Feds crack down on fake Cyber Monday merchandise
Nov 26, 2012 (The Buffalo News - McClatchy-Tribune Information Services via COMTEX) --
Shoppers were not the only ones busy on Cyber Monday.
So were federal investigators in Buffalo who marked the day by shutting down 15 websites allegedly selling counterfeit New Era caps and other sports merchandise.
For the third year in a row, agents from Immigration and Customs Enforcement conducted a global operation targeting websites that prey on unsuspecting consumers.
In Buffalo, they focused on websites selling knock-off sports products, including New Era Cap Co. merchandise, and ended up seizing 15 of those sites.
"These are not victimless crimes," said U.S. Attorney William J. Hochul Jr. "When you buy counterfeit merchandise, you're not only hurting the company, you're hurting the company's employees."
As part of their investigation, federal agents made undercover purchases from websites suspected of offering counterfeit products and, once the goods arrived, attempted to confirm their authenticity.
If the goods were found to be counterfeit, the government then obtained court-approved seizure orders that allowed them to shut down the websites and obtain their domain names.
In a related case, agents also arrested Gary C. Hammer, 47, of Cheektowaga and charged him with selling fake Microsoft software on Craigslist.
"It's not only illegal, it's a danger to the consumer purchasing it," said James C. Spero, special agent in charge of the Buffalo office of Immigration and Customs Enforcement, Homeland Security Investigations.
Spero said counterfeit software can pose a risk to buyers who may use it to store important personal or financial information.
"As far as we know, this is the first time he's been involved in this type of activity," Assistant U.S. Attorney Michael DiGiacomo said of Hammer.
The investigation into the 15 websites is continuing and one of the focuses of that ongoing effort will be the individuals who sold the knock-off caps and merchandise. So far, no arrests have been made.
Spero said the fake caps were made in China but investigators are uncertain if the sales involved any distributors or middle men in the U.S.
"We're not convinced yet," he said. "We need to track back to see where these products were coming from."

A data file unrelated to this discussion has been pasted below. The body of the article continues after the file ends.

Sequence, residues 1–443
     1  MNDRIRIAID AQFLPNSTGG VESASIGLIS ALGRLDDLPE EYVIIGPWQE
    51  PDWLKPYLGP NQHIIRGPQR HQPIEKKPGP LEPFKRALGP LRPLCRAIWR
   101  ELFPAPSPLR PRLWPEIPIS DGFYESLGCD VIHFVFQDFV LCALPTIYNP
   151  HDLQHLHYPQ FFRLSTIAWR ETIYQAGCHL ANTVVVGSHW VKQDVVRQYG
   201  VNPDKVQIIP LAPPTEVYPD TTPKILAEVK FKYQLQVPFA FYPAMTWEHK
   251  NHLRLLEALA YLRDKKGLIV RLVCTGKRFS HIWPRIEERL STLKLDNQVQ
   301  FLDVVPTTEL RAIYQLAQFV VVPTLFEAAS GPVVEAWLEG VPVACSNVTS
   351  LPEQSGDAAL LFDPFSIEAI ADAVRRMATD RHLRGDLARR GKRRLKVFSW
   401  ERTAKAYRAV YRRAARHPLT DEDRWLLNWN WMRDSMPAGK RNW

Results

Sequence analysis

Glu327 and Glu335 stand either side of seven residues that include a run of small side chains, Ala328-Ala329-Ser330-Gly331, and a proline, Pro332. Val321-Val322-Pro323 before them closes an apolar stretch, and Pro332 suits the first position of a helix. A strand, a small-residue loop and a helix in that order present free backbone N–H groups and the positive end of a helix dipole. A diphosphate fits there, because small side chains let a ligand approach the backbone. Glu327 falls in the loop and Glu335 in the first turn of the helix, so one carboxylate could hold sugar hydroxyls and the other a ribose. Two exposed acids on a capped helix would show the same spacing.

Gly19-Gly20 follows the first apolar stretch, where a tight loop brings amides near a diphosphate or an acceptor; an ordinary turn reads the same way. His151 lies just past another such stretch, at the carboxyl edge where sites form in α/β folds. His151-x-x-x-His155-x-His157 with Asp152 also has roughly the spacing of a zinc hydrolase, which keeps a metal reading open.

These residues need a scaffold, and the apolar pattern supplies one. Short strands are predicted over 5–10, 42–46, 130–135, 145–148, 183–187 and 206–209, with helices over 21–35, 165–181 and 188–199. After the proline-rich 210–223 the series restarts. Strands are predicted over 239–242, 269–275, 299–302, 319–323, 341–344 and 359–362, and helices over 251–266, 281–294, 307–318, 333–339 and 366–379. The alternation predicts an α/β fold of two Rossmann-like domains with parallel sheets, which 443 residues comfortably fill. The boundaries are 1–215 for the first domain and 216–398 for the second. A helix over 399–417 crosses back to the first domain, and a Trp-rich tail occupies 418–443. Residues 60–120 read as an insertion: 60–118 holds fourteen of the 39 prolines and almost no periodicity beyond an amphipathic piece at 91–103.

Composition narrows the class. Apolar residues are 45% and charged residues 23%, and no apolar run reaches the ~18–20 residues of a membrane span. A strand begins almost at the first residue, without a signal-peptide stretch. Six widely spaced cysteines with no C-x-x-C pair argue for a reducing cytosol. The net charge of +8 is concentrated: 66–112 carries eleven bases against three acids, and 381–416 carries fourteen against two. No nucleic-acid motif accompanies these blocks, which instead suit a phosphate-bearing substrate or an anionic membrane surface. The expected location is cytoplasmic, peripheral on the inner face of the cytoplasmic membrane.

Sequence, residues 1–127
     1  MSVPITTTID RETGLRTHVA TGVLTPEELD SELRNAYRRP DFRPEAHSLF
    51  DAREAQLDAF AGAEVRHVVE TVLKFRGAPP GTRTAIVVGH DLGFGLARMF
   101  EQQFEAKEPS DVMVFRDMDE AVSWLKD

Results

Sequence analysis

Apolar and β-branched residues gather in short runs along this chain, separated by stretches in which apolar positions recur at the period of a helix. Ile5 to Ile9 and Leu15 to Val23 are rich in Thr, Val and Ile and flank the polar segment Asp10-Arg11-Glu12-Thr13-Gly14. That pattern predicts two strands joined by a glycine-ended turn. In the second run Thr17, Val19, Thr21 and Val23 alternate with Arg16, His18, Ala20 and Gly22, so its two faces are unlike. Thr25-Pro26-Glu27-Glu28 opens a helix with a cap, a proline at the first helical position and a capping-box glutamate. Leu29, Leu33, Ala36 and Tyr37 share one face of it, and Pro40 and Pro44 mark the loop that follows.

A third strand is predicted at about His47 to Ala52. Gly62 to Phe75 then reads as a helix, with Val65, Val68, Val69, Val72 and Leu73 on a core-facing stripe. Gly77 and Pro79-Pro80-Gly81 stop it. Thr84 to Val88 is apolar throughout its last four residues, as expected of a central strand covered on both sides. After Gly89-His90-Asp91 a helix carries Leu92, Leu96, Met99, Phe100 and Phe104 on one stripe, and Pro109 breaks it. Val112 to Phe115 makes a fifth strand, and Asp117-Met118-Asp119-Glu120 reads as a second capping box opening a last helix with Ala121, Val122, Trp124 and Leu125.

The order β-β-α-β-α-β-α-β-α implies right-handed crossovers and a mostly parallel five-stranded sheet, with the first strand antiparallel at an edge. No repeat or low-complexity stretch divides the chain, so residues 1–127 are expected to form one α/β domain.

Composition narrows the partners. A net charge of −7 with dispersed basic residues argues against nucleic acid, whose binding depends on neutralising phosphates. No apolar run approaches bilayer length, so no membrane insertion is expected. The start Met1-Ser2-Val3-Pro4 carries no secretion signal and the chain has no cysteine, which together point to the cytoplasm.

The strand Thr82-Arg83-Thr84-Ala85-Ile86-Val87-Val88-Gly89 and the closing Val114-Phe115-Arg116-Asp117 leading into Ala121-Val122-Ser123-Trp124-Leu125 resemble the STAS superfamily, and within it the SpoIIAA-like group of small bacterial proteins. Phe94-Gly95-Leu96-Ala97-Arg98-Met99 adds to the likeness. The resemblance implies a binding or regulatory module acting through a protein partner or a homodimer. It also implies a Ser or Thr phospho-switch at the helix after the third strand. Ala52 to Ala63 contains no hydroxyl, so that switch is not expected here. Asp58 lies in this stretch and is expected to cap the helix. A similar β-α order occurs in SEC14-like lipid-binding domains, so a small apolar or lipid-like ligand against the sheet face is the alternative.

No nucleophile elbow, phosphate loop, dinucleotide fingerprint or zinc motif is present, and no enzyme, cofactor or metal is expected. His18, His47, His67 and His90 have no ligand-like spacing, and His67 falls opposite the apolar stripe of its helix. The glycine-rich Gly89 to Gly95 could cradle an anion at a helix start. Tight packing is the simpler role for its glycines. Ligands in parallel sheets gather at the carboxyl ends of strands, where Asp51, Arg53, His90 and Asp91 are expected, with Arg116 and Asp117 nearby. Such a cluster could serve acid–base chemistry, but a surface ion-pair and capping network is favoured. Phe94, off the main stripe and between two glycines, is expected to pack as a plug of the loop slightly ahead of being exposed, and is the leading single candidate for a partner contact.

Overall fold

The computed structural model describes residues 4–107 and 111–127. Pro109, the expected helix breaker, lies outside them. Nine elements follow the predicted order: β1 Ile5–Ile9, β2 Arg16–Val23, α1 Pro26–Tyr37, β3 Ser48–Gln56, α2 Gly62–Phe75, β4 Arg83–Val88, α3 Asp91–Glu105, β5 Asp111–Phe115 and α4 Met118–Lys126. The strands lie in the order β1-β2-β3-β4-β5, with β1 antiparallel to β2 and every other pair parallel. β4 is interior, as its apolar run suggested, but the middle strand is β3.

The government's nationwide crackdown targeted online retailers offering a wide range of counterfeit goods and resulted in the seizure of 132 websites.
The seizure of counterfeit websites has become an annual Cyber Monday ritual of sorts.
It also came just two months after Sen. Charles Schumer, D-N.Y., called for stronger action against the manufacturers of counterfeit products, many of them in China, and the websites that market them.
Schumer claims New Era has lost $300 million in sales because of counterfeit caps and suggested the illegal activity has put the Buffalo-based company at risk.
On Monday, Schumer announced that the U.S. Trade Representative's office has communicated New Era's concerns about knock-off caps to high-level Chinese government officials.
In addition, a Chinese website that has provided a vehicle for counterfeiters to sell their products has removed 380 listings for New Era products, he said.
Federal authorities offered a wide range of tips on how to avoid buying counterfeit products, including the need for every online consumer to be aware of who they are buying from.
Investigators noted that many counterfeit sites sell their items at prices that are truly too good to be true and often use improper grammar or incorrect spelling on their web pages.
They pointed to one of the New Era knock-off sites that listed itself as "New Ear."
"Spelling and grammar' said Nicholas Peruzzini, a special agent for Immigration and Customs Enforcement. "The grammar is incorrect in a lot of these."
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